SCORE: Five out of ten points.


Robotech [Titan] features “Chapter 0" of a new series based on the re-imagined (for American television) anime series. I watched some of the American episodes and have read some of the earlier comic books based on the series. By no means am I proficient in the history of Robotech. This Free Comic Book Day offering has a 16-page story by  writer Simon Furman with art by Hendry Prasetya, color art by Marco Lesko and lettering by Jim Campbell; and a two-page story involving the singer Lynn Minmei by Furman, Campbell, and artist Sarah Stone.

QUALITY: The first story has a scattershot sequence of flashbacks that might have refreshed the memories of avid Robotech devotees but did nothing for me. Once I got past that sequence, I was much more interested in the well-written story. That lead story ended on an intriguing note. The second story was also quite intriguing as it opens with a tribute to a character who died and ends with that character appearing. I’m considering reading further.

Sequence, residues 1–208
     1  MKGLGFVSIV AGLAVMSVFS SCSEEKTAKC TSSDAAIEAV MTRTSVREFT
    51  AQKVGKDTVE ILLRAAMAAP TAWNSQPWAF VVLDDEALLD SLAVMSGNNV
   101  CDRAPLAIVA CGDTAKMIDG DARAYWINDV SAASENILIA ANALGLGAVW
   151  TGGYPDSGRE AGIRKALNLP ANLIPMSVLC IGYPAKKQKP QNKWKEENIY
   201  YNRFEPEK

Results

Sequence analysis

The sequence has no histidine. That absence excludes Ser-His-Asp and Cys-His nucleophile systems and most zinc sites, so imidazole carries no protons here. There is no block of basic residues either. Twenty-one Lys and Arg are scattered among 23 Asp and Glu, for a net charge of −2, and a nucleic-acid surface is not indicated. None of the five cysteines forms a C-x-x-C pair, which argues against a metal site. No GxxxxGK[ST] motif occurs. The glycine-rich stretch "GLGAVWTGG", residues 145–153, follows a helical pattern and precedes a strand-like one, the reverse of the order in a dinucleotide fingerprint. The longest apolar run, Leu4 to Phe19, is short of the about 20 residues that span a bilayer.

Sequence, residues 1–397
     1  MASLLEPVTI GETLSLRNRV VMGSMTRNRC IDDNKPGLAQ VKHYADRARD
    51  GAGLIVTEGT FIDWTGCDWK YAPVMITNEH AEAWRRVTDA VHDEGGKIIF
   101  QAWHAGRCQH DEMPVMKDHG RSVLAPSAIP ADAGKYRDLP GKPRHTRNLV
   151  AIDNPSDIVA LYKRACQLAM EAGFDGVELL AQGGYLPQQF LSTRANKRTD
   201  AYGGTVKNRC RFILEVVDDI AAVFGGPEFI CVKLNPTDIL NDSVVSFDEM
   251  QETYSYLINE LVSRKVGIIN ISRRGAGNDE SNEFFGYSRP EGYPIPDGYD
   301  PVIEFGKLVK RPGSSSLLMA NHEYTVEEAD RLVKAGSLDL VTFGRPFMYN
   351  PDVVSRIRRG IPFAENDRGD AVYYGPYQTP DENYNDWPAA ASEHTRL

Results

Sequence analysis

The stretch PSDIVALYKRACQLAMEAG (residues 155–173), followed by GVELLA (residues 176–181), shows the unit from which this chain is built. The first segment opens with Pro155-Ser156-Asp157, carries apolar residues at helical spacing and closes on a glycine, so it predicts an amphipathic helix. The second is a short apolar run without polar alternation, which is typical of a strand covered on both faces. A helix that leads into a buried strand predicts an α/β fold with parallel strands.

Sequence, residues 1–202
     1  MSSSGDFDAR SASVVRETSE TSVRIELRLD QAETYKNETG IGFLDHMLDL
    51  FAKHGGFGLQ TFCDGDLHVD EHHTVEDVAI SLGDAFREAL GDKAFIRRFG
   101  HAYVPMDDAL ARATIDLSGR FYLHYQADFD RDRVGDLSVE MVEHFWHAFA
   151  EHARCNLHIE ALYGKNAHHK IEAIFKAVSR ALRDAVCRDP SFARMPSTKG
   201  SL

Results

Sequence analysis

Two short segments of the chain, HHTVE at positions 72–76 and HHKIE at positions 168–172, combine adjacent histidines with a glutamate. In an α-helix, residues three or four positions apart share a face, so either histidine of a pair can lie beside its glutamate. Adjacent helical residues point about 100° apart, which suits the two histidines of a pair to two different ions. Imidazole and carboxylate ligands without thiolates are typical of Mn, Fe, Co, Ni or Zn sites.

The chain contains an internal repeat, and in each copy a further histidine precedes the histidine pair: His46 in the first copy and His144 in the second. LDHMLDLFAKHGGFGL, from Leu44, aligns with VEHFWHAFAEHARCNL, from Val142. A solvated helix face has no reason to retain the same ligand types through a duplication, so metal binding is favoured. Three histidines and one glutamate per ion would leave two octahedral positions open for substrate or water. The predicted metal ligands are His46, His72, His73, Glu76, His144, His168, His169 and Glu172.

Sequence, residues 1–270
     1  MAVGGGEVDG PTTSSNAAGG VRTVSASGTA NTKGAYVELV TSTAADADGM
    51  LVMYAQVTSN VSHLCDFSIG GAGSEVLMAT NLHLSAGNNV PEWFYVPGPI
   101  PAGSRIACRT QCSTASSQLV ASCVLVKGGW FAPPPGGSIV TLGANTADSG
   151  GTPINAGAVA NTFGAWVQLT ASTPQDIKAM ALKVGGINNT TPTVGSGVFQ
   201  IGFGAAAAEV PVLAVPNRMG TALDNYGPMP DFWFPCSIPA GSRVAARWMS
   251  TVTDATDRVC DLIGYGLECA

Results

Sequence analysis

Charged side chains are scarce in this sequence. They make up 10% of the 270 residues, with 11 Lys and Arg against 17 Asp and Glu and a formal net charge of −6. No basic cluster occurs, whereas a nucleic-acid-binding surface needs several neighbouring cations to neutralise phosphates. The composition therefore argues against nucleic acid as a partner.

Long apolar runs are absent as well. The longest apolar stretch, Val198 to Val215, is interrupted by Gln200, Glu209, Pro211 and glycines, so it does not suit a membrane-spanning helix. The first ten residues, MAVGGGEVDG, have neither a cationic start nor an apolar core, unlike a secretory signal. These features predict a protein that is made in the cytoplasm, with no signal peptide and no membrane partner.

ACCESSIBILITY: Not great. A “The Story So Far” summary doesn’t give new readers as much of a leg-up into the series as it should have. The flashback scenes in the story itself didn’t help much. I think I got more of a back story of Lynn Minmei in the two-page episode that followed the lead.

SALESMANSHIP: Solid. There’s an ad following the stories directing readers to Robotech trade paperbacks. The inside front cover plugs other Titan trades. The back cover ad is for a Robotech card game and a Robotech tabletop game.

SCORE: Seven out of ten points.


Spawn #1 [Image] reprints Todd McFarlane’s first Spawn story from May, 1992. McFarlane is credited with story, pencils and inks with Tom Orzechowski on lettering and Steve Oliff on coloring. The cover is by Francesco Mattina.